- Physical activity
Staying physically active, even during the colder months of the year when all you might want to do is hunker down inside, is an important part of reducing joint stiffness. The more you move, the more you’ll release feel-good chemicals called endorphins, which can also help to get rid of pain. If you don’t already, consider trying activities that won’t stress your joints, such as swimming, tai chi and yoga, and aren’t outside in the cold, like going to the gym.
- Keep warm
If the cold is causing you discomfort, make sure you’re toasty and warm as much as possible. Wear lots of layers while you’re outside, make sure each of the rooms in your house has an easily accessible blanket and, if possible, invest in a space heater. Essential oils such as lavender can be used to massage painful joints and a 20-minute soak in a bath filled with warm water is a great way to reduce discomfort.
- Eat healthily
Believe it or not, the foods you eat can affect joint swelling and stiffness – so it’s a good idea to ensure you’re making healthy choices, especially during the colder seasons. Avoid high-fructose corn syrup, cholesterol and sugar whenever possible. Instead, munch on foods that are high in omega-3 fatty acids. Your joints (and the rest of your body!) will thank you.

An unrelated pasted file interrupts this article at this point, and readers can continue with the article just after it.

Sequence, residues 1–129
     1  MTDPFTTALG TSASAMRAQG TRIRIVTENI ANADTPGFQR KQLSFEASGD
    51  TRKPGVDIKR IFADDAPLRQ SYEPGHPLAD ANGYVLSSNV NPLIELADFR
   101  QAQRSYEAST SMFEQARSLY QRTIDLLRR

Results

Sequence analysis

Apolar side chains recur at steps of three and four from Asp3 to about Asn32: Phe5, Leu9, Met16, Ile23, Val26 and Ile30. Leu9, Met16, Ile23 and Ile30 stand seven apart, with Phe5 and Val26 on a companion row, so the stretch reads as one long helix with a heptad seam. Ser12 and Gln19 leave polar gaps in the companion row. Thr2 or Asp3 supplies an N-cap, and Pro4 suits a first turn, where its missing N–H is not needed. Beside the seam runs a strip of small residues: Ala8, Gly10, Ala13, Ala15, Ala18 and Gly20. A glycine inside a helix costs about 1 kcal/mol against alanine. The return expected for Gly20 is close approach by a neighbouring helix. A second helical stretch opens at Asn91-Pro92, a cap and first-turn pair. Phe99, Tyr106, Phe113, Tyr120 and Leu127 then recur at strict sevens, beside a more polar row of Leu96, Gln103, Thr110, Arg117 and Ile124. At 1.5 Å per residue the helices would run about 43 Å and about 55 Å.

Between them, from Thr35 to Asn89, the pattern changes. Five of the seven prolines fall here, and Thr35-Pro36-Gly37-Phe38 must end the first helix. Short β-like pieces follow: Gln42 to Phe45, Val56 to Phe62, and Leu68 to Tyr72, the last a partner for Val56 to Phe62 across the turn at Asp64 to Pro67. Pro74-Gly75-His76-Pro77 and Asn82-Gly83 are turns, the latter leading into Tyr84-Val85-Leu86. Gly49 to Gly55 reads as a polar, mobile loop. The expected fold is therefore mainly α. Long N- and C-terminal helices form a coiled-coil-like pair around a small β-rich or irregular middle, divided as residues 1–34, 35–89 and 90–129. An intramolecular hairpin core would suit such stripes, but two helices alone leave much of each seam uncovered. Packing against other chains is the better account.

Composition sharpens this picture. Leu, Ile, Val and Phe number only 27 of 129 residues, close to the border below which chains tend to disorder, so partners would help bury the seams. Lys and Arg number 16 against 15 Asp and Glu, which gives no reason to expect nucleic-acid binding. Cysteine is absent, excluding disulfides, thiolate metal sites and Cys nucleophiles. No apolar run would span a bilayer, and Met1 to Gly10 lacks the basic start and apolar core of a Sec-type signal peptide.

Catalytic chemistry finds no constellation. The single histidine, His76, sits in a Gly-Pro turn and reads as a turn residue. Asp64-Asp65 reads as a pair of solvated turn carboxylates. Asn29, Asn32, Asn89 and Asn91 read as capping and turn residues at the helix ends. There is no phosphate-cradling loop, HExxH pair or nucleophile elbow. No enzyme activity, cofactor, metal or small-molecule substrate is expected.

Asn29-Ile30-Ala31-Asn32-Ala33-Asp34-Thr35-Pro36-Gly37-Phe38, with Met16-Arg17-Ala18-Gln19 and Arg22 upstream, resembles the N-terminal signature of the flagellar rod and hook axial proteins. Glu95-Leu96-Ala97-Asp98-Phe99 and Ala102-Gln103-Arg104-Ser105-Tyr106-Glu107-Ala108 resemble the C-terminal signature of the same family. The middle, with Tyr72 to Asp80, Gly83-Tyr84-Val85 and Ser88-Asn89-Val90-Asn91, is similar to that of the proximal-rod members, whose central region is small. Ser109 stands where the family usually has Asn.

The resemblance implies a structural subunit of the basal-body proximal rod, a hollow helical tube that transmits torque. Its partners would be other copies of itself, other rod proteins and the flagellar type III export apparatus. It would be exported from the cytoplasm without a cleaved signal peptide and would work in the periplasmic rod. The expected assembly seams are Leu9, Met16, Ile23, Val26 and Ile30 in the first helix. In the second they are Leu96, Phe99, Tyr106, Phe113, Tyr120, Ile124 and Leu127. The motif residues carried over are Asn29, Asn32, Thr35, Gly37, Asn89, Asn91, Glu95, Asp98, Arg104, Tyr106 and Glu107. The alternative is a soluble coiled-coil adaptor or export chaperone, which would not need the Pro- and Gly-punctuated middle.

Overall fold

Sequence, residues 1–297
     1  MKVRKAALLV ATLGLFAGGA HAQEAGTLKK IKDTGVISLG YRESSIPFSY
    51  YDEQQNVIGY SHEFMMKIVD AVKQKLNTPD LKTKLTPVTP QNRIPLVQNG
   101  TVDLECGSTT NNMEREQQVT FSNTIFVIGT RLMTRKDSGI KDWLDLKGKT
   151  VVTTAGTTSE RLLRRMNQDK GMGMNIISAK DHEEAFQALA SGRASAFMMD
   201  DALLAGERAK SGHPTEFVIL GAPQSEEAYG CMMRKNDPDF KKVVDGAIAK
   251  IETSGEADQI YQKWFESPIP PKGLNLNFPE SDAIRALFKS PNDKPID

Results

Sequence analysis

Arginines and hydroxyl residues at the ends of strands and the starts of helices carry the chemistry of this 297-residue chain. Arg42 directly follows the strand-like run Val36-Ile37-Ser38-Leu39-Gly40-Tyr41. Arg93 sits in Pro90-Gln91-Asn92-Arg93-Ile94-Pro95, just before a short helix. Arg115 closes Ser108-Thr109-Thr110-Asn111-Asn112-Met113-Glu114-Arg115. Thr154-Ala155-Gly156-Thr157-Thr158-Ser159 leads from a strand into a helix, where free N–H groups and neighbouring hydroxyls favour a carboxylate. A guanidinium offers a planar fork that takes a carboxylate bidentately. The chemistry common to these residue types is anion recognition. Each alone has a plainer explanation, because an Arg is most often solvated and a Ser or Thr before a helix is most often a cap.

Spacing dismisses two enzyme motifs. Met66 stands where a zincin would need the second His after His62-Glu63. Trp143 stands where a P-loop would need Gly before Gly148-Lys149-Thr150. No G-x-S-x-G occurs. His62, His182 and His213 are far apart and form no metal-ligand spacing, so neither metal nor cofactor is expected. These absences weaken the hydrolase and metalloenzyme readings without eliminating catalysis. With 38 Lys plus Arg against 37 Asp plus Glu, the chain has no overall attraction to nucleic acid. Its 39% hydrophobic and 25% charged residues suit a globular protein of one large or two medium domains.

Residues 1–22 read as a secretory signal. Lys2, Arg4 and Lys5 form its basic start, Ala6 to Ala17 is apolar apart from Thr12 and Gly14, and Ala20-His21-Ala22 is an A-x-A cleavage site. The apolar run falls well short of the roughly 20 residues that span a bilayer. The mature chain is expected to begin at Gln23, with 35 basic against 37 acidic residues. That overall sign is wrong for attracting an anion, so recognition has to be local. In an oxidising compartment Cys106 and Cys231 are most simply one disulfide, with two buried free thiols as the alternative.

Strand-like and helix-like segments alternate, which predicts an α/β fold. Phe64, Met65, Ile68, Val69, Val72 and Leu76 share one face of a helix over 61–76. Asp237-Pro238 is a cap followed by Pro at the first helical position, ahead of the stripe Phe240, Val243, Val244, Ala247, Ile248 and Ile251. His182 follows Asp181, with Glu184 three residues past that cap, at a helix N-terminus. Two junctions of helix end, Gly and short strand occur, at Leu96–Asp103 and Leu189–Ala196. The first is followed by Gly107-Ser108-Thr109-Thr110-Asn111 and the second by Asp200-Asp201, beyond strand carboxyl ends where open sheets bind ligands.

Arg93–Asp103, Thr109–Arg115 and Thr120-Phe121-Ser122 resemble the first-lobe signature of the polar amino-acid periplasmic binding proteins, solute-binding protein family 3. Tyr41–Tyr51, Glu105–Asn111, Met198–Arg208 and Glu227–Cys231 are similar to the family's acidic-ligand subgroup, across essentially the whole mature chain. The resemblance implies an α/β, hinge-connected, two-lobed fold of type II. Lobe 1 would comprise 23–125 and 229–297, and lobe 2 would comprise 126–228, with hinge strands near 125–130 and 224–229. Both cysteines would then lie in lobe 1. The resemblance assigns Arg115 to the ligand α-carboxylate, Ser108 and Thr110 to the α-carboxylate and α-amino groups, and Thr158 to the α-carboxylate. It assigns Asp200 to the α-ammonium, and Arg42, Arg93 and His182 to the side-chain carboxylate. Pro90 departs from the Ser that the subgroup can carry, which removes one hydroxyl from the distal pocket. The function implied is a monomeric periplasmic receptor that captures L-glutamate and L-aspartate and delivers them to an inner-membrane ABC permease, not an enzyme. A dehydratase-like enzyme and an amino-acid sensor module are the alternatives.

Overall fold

Stretch regularly to reduce joint pain and stiffness. Ideally you should be stretching every day. It’s recommended you do this right when you wake up and just before you go to bed. Focus on gently moving your wrists and ankles. Knee bends can also be very helpful. Consult your doctor or a physical therapist for more exercises that could be useful to you specifically.
Airrosti’s Dr. Brooke Halboth demonstrates four simple exercises that can help you manage your arthritis pain in your upper and lower body. Watch to learn how adding Airrosti treatment to your pain management plan can help keep you moving.
- Different strokes for different folks
Not all relief tactics will work for everyone – so it’s a good idea to try a few to see what’s right for you. Many people cite the following as useful tools to manage their arthritis:
- Essential oils
- Seeing a chiropractor
- An overall healthier lifestyle
People with arthritis shouldn’t have to miss out on all the joys of winter just because the weather is colder. Reducing your discomfort is an important part of living your life to the fullest – perhaps trying one of our suggestions could be right for you.
If you have any further questions about arthritis, it’s always a good idea to get in touch with a medical professional. However, if you’re aware of the facts and are ready to begin a healthier, happier lifestyle, get in touch with our expert team today and see how our active patches can help you.